• Sawdust/wood shavings – this helps to cover the mud while still being able to scratch for food.
  • Straw or hay makes a good ground covering which the chickens can scratch in without getting too muddy.
  • Woodchippings – but not bark as this can contain fungus which is harmful to chickens.
  • Shingle or fine gravel

Another option if you have space is to regularly move the run onto fresh land or grass to let the other space recover.

Reducing chicken mess in a small yard or garden

With chicken keeping becoming more popular in urban areas owners are having to become more inventive with outside space. Although chickens do like space to roam and forage, it is possible to keep them in a small area.

If you have a pristine small garden or yard and are planning to let chickens lose then be prepared for a degree of mess. Chickens can quickly transform a small area into something altogether different if left to their own devices.

In this case, it’s best to be prepared by fencing off any areas with chicken wire fences where you don’t want them to go.

Make sure they can’t get through to a neighbours garden because you might not be very popular if they do! When some of our chickens were young, they spent all day trying to get into a neighbours garden even though they had plenty of space to graze. They will always try and go where you don’t want them to go.

Keep in mind that although chickens can’t fly well, they can fly a bit and can jump fairly high, so they will get into areas with low fences if they really want to.

This article was first published on October 5, 2020 by Pentagon-Pets.

The best way to clean up chicken mess

The key to keeping mess to a minimum when keeping chickens in a small space is to regularly clean up after them to keep on top of things.

Chicken poo on yards and patios can easily be brushed away using a hosepipe and a stiff brush. Take care to keep it away from areas where you sit or children play because it contains bacteria which can make you ill.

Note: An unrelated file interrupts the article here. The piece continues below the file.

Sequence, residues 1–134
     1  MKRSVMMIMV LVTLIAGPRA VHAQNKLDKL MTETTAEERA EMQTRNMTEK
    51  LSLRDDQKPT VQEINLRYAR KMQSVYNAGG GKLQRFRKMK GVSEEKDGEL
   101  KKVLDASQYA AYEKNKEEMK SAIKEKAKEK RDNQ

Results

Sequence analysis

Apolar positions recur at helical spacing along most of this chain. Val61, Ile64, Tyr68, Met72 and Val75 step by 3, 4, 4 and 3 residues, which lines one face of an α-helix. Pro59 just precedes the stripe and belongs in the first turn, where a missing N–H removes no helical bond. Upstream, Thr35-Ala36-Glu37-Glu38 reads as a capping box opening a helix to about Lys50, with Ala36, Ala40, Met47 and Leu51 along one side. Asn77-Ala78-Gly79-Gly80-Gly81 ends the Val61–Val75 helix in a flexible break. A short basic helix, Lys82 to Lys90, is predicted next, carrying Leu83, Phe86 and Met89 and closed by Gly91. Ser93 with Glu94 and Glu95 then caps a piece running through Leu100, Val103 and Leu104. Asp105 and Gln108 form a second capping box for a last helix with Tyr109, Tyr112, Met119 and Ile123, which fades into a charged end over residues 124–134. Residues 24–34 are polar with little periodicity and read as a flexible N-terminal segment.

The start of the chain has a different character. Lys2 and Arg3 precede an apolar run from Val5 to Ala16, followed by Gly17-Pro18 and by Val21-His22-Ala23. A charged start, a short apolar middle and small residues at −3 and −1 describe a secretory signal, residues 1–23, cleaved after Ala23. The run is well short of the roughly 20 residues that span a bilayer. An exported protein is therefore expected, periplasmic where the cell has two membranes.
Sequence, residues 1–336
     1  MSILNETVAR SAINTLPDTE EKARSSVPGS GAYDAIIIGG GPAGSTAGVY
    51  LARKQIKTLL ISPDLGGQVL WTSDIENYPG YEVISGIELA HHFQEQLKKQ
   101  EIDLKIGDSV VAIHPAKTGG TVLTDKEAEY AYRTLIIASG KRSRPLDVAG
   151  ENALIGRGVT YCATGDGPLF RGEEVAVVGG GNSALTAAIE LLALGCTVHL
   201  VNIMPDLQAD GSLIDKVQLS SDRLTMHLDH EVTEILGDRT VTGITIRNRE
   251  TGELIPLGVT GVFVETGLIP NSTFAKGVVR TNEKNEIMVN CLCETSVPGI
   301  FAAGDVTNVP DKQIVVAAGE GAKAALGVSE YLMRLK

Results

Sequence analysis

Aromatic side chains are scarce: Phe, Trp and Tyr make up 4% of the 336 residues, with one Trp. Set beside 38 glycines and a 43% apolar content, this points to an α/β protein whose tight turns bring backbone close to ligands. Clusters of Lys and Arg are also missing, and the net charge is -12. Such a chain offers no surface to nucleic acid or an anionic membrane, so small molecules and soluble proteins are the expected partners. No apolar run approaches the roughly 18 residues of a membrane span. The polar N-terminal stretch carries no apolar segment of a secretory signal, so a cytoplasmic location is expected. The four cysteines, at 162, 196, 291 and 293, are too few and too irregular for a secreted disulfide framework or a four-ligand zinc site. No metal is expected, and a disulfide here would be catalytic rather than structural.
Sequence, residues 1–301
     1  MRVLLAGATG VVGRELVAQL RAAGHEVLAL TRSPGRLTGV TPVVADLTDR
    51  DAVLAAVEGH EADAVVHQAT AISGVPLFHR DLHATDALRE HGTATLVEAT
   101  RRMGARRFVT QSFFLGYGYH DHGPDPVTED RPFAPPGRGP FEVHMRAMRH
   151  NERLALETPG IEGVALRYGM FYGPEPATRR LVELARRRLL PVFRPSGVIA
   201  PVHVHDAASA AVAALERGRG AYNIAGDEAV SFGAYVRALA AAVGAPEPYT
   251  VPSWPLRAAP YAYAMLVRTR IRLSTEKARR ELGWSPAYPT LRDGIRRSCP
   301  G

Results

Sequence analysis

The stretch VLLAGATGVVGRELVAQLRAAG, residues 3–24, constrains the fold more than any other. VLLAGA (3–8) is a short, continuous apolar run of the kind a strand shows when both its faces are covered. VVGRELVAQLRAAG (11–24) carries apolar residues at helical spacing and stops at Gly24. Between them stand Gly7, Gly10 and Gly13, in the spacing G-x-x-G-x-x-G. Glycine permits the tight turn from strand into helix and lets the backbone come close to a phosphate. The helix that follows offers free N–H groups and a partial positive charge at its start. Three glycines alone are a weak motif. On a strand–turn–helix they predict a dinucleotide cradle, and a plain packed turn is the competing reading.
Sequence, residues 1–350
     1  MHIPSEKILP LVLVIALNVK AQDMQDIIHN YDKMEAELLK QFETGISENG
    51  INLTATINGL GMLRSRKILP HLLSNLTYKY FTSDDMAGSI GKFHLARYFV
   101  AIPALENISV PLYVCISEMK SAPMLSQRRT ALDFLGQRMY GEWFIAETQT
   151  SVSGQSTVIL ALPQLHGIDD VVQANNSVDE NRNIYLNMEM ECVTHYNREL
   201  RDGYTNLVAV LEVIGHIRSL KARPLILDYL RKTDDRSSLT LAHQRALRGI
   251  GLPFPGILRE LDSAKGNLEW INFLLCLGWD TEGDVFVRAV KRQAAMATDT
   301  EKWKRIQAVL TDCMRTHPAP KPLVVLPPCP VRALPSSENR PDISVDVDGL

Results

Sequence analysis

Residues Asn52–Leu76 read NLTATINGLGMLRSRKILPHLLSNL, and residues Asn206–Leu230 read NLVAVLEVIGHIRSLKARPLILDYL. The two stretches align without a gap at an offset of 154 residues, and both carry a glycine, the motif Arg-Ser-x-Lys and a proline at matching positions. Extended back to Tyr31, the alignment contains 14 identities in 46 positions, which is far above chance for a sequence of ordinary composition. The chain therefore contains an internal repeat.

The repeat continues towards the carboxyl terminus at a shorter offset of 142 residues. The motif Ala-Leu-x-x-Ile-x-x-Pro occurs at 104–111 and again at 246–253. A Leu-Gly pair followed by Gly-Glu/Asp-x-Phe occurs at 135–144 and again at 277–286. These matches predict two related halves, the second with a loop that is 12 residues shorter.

Removing chicken poo from grass can be a little tricker, but it can be rinsed away with a hosepipe or removed when mowing the grass with a mower which collects.

A good way to make use of chicken manure and used straw is by putting it on a compost heap. Chicken manure is nitrogen-rich and can be great as manure for growing plants and flowers in your garden.

It’s important to note that chicken manure which hasn’t had a chance to mellow in the compost heap can be too strong for more delicate plants and can actually scorch them in its pure form.

Do chickens make a mess in a large garden

This really depends on how many chickens you have, but for a small flock which is less than ten, if you have a large garden or some land which chickens can graze on, the mess will be minimal.

You may still want to keep your chickens away from certain areas such as outdoor tables and chairs where you eat and flower beds containing any delicate plants which could easily be scratched up.

Find out more about keeping chickens

I hope this post hasn’t put you off keeping chickens! They’re so rewarding to keep the mess becomes easy to deal with once you get used to it. It’s just important to know what to expect before you get chickens so that you know exactly what you’re up against.

You might also find the following post if you’re thinking about becoming a chicken owner:

Our recommended coop

Chicken coop for different flock sizes and different weather.

Pentagon Pet is the owner of this article that was first published on October 5, 2020.

Click here to find out more about our recommended coop.

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This article and its contents are owned by Pentagon Pets and was first published on October 5, 2020.